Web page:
This MasterChef Australia winner gets candid about his comfort food and more..

You should always expect the unexpected, and I feel it’s always good to be prepared for unexpected situations during a cook.

Published: 02nd September 2019 07:27 AM  |   Last Updated: 02nd September 2019 07:27 AM   |  A+A-

Sashi Cheliyah

Sashi Cheliyah (Photo | Instagram)

Express News Service

It’s not every day that you hear a MasterChef Australia winner tell you their comfort food is sambar. Or that he likes cooking to 1980s Illaiyaraja music in the kitchen.

But beyond the resonance of South Indian sentiments, if you followed Season 10 of the show last year, then you already know that almost everything about Indian-origin contestant Sashi Cheliyah has been unexpected from the get-go. 

For starters, this 40-year-old contestant was involved in special ops as part of the Singapore police, before later moving to Adelaide as a prison guard.

Sashi who took home the trophy last year was in Mumbai earlier this week to judge the Hafele Supermom Contest 2019 and is making a stopover in Chennai this weekend.

We caught up with him on life post-MasterChef, his passion to give ex-convicts a second chance by roping them into the kitchen and a new cookbook in the pipeline.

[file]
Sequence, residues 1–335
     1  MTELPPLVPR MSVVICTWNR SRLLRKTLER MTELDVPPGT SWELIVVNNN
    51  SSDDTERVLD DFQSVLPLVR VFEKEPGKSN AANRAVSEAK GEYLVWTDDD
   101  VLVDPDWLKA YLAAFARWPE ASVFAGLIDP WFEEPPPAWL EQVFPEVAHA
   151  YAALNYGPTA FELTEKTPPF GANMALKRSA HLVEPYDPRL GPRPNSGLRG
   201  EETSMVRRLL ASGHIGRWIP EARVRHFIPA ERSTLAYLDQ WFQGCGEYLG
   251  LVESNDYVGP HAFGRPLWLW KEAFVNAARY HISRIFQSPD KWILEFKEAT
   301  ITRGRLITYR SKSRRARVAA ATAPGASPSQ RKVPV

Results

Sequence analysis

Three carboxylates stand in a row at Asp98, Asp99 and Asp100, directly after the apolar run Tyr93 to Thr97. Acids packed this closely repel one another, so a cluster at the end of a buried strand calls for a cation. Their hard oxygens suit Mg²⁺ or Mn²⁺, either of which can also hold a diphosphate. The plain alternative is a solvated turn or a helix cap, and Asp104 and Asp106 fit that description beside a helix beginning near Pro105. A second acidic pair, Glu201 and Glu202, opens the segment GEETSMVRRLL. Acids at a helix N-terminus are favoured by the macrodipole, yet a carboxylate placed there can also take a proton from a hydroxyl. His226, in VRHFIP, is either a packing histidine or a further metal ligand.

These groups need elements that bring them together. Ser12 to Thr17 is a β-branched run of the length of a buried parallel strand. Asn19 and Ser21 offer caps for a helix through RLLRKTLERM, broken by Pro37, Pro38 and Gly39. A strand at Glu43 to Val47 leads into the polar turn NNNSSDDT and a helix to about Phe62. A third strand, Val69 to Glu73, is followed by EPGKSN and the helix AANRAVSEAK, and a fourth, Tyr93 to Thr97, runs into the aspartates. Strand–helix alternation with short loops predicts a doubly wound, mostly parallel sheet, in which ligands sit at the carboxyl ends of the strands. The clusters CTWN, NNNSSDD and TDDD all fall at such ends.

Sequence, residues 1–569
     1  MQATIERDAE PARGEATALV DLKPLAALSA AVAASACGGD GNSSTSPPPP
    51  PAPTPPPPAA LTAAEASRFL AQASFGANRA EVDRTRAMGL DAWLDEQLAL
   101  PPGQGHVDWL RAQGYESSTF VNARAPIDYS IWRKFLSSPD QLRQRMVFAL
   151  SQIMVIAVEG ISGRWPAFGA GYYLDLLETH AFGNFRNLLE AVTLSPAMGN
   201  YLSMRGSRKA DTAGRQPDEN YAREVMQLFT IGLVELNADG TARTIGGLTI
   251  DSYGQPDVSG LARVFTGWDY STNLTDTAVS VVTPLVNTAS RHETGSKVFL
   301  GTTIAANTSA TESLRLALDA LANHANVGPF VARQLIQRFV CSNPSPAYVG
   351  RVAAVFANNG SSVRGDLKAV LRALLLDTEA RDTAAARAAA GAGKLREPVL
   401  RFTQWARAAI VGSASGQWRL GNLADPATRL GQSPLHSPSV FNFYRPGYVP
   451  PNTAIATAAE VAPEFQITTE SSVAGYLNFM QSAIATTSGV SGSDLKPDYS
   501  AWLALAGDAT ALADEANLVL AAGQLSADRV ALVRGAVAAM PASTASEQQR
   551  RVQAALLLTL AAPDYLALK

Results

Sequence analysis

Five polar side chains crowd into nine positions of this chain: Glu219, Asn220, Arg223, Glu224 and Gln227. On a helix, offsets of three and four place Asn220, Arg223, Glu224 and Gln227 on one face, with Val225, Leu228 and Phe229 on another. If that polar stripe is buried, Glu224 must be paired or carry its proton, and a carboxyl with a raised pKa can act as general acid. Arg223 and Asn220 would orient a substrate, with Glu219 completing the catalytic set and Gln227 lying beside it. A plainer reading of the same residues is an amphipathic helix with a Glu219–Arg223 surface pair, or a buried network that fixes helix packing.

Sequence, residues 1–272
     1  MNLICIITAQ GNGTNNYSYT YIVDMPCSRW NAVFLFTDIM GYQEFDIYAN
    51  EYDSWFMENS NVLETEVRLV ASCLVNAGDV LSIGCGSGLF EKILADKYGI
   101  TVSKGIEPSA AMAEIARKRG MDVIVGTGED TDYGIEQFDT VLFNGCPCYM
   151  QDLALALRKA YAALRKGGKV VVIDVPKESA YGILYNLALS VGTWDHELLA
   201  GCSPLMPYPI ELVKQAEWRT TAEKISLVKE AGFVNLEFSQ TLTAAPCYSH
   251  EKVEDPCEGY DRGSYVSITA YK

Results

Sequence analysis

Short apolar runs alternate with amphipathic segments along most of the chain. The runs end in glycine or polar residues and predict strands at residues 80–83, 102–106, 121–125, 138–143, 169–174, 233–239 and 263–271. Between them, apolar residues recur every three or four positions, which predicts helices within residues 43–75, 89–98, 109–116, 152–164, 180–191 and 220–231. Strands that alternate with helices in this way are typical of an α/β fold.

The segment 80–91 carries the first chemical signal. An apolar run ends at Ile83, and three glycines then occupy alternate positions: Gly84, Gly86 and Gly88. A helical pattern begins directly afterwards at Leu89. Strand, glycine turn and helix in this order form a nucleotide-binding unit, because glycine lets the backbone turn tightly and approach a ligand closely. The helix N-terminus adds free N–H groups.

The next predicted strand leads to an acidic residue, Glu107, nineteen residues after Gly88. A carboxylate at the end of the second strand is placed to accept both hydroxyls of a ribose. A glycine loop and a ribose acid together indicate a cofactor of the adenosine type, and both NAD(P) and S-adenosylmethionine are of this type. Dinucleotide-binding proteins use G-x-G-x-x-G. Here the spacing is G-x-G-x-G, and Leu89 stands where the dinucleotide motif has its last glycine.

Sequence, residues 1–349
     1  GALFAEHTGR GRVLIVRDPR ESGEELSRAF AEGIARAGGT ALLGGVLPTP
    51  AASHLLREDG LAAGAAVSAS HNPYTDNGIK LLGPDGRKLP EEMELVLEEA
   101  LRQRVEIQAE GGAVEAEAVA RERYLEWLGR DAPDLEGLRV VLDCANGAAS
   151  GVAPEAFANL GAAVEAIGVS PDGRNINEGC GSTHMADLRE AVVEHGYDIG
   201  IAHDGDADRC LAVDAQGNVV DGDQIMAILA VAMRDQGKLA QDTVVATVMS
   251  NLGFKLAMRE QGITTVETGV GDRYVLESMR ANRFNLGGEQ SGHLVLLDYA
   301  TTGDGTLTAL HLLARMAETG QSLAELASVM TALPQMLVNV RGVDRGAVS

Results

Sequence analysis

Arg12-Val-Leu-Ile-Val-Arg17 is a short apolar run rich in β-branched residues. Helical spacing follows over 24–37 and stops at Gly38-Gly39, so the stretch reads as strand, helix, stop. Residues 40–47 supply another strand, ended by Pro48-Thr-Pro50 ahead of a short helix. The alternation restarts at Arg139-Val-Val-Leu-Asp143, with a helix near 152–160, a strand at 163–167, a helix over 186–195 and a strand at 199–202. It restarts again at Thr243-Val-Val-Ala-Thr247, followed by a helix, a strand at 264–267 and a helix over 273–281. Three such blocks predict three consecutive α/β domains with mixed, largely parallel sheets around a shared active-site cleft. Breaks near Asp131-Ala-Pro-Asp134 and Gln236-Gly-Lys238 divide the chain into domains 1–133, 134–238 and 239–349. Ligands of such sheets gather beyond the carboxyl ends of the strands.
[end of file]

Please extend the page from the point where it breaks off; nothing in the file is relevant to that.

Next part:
How much has your life changed since MasterChef?

Ever since I became MasterChef (in 2018), a lot of things have changed. It’s an honour to receive such a prestigious title.

Now everything revolves around food and I’m able to pursue a career that gives me more opportunities to understand different cultures and cuisines from around the world.

Is there a fun dish you like to whip up together, while your wife puts her feet up? 

Most weekends, especially on Saturdays, my kids and I love making pancakes for breakfast and that is something the boys can do themselves now.

We hear that it’s been a long-standing dream of yours to hire ex-convicts – is that a model of restaurant that we will see from you soon?

I have been in contact with some organisations to work on this project, it will be happening in Gaja by Sashi but it’s not fully operated by them, they will be part of my team.

What are some lessons in the kitchen that can have help one handle real-life pressure tests? 

You should always expect the unexpected, and I feel it’s always good to be prepared for unexpected situations during a cook.

What’s next?

Finishing my cookbook by the end of this year!


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